Attendees at the annual Mac conference were eager to get their hands on the new Apple notebook, but some expressed concerns.
Macworld Expo was buzzing Wednesday about the new thin notebook computer introduced by Apple at Steve Jobs' keynote earlier this week.
The MacBook Air, which Jobs billed as the world's thinnest notebook, includes a 13.3-inch LED display and a full-sized keyboard. It's scheduled to ship in two weeks, priced starting at $1,799.
"I got excited because of the weight," said Debra West-Maciaszek, manager of the tech pubs department for Nikon Precision. "It's only three pounds. If you travel a lot, that's cool."
Her husband, Mac Maciaszek, who is retired, was a little less enthusiastic. "It's a nice machine -- don't get me wrong," he said. But he was concerned that the lack of a built-in optical drive would make it hard to install applications.
The system will sell with an optional $99 external detachable optical drive or the MacBook Air can borrow an optical drive from another computer. MacBook Air users can use software installed on another Mac or Windows PC to wirelessly connect to and address the remote computer's optical drive as if it were local to the MacBook Air. Users can then use the remote computer to install software to the MacBook Air -- the external software will even let Windows run Mac installer files.
West-Maciaszek was also impressed with Apple's plans to rent movies over iTunes. "I travel a lot, and I always take my DVDs," she said. "This will let me leave the DVDs behind."
And Maciaszek was impressed with the Time Capsule, a wireless networked storage appliance optimized for use with the Time Machine backup software built into Mac OS X Leopard. The Time Capsule is an Airport Extreme Wi-Fi base station with a built-in 500-Gbyte or 1-Tbyte hard disk. "I just bought an Airport Extreme without a hard drive," Maciaszek said. "I ought to learn to wait for January before I buy anything."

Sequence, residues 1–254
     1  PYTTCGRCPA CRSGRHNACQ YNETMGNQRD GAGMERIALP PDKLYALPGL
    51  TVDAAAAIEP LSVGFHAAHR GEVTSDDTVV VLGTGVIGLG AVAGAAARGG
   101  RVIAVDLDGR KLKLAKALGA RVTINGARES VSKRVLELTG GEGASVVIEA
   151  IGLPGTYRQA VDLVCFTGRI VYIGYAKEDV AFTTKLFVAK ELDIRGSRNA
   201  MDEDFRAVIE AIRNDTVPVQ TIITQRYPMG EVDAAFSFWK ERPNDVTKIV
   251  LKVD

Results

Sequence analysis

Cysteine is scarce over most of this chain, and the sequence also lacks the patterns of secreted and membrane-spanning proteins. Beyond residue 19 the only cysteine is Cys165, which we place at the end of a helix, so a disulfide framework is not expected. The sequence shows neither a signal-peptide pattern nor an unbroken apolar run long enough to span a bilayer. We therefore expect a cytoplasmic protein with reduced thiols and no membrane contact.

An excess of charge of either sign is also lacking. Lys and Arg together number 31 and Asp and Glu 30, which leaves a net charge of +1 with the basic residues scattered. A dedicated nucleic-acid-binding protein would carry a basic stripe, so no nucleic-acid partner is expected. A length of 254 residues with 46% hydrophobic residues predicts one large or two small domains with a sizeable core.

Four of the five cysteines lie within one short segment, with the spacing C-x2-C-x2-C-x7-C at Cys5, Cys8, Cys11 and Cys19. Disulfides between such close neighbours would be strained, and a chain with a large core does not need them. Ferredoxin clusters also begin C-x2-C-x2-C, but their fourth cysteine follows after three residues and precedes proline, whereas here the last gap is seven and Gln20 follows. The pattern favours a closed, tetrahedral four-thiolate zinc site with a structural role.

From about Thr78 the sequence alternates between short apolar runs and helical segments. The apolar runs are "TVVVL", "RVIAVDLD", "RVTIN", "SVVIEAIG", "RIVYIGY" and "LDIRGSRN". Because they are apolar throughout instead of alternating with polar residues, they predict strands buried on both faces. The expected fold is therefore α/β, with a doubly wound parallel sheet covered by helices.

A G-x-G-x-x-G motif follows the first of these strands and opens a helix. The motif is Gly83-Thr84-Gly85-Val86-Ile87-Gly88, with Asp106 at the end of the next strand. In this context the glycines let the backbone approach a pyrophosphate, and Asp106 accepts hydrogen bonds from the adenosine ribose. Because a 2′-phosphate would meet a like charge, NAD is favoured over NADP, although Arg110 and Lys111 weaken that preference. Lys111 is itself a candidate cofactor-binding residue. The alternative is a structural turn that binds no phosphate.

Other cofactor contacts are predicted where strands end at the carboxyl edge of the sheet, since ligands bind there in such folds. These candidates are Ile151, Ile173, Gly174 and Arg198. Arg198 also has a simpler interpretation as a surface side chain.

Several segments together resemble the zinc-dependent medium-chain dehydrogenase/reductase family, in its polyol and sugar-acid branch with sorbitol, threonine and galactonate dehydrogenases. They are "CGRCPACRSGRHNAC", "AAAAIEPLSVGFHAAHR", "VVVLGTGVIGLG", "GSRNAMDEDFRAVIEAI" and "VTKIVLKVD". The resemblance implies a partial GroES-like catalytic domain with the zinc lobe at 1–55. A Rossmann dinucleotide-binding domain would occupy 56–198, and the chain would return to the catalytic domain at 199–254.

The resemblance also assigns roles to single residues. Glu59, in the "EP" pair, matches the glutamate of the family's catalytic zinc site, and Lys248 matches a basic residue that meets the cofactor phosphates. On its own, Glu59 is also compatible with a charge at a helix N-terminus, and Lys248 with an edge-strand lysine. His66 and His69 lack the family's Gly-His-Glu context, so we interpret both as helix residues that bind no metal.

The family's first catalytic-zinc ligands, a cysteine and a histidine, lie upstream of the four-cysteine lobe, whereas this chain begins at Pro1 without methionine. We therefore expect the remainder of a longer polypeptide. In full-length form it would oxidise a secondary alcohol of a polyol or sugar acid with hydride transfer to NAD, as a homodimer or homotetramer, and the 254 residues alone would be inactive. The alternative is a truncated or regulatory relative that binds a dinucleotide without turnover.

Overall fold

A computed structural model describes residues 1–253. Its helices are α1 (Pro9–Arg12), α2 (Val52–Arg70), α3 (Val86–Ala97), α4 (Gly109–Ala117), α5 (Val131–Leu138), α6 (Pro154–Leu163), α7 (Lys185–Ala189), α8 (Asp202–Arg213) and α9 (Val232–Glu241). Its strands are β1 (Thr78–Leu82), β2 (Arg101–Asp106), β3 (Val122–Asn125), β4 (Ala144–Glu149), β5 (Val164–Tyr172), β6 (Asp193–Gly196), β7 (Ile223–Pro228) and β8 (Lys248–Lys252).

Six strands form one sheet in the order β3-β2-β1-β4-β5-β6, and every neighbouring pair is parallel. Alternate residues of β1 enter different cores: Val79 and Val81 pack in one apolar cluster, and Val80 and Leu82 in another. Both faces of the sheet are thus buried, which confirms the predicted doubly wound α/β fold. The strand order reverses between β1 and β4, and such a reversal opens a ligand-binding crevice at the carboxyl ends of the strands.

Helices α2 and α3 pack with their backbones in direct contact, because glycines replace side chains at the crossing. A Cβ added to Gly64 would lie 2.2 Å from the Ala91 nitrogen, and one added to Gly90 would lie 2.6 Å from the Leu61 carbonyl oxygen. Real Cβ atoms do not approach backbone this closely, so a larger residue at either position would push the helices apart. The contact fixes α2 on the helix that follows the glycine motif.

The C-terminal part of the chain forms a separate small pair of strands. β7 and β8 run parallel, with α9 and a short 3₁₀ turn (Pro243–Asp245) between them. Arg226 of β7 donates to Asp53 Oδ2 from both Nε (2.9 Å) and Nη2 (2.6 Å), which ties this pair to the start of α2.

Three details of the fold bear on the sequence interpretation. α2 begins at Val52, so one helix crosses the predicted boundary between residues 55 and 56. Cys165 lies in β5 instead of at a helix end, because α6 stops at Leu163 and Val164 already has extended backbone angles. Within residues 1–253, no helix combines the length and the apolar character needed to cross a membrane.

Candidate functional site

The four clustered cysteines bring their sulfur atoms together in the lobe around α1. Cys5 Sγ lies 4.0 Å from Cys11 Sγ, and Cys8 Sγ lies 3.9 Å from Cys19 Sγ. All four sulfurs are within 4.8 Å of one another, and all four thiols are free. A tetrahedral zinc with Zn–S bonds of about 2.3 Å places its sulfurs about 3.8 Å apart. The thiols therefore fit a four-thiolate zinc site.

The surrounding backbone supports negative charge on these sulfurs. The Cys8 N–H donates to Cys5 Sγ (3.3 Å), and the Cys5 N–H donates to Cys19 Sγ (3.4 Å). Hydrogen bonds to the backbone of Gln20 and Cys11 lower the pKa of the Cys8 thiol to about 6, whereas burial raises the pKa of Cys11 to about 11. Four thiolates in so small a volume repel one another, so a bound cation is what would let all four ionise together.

John Gilmore, president of Gilmore Technology Services, an IT consultancy in San Ramon, Calif., was also impressed with the MacBook Air. "I think it's a great product. If I had the money, I would buy one," he said. "It's gorgeous, it's very light, and it has the advantage of instant-on."
Support for 802.11n Wi-Fi will make networking throughput adequate for most jobs, Gilmore said. Earlier Wi-Fi standards were too slow for large amounts of data.
He said the iTunes movie rental announcements and upgrades to Apple TV aren't useful to him, personally. But he added, "Apple is going to make a lot of money on that."
Gabe Langhout, general manager of the Dutch Republic, Web designers in Holland, said he likes the light weight for the notebook, but thinks it's expensive.
"Solid state memory is expensive," he said. The notebook's standard 80-Gbyte hard drive is conventional spinning storage, but it comes with an optional 65-Gbyte solid state drive for $999. Even Jobs said the solid state drive is expensive.
Russell Holmes, executive vice president for Praxis Integrated Communications, said he was "a little disappointed" by the announcements. "I was expecting something a little better" -- a blockbuster announcement, he said.
But, still, he liked what Apple did announce, specifically the MacBook Air. "It's great. It's a nice little computer. It's lightweight and thin," he said.
However, he said he was concerned that the notebook would require a lot of peripherals and attachments to make it usable.
"They didn't say what market they were selling the MacBook Air to -- is it a personal computer, business computer?" said Ismail Naheed, a technical engineer for Bell Microprocessors in Minneapolis.
He said he also finds movie rentals from iTunes appealing. "I don't want to rent movies from Netflix and wait for the mail, where I can get it from iTunes and it's instant," he said.
The Time Capsule is also impressive, he said, but he's concerned it will be complicated to configure. At the keynote, Jobs said it would require no configuration at all -- just turn it on and it starts backing up -- but Naheed was skeptical. If that were true, he said, the Time Capsule would automatically back up data from every Wi-Fi enabled Mac running Leopard within networking range, whether or not the owners of the machines wanted them to back up over Time Capsule.
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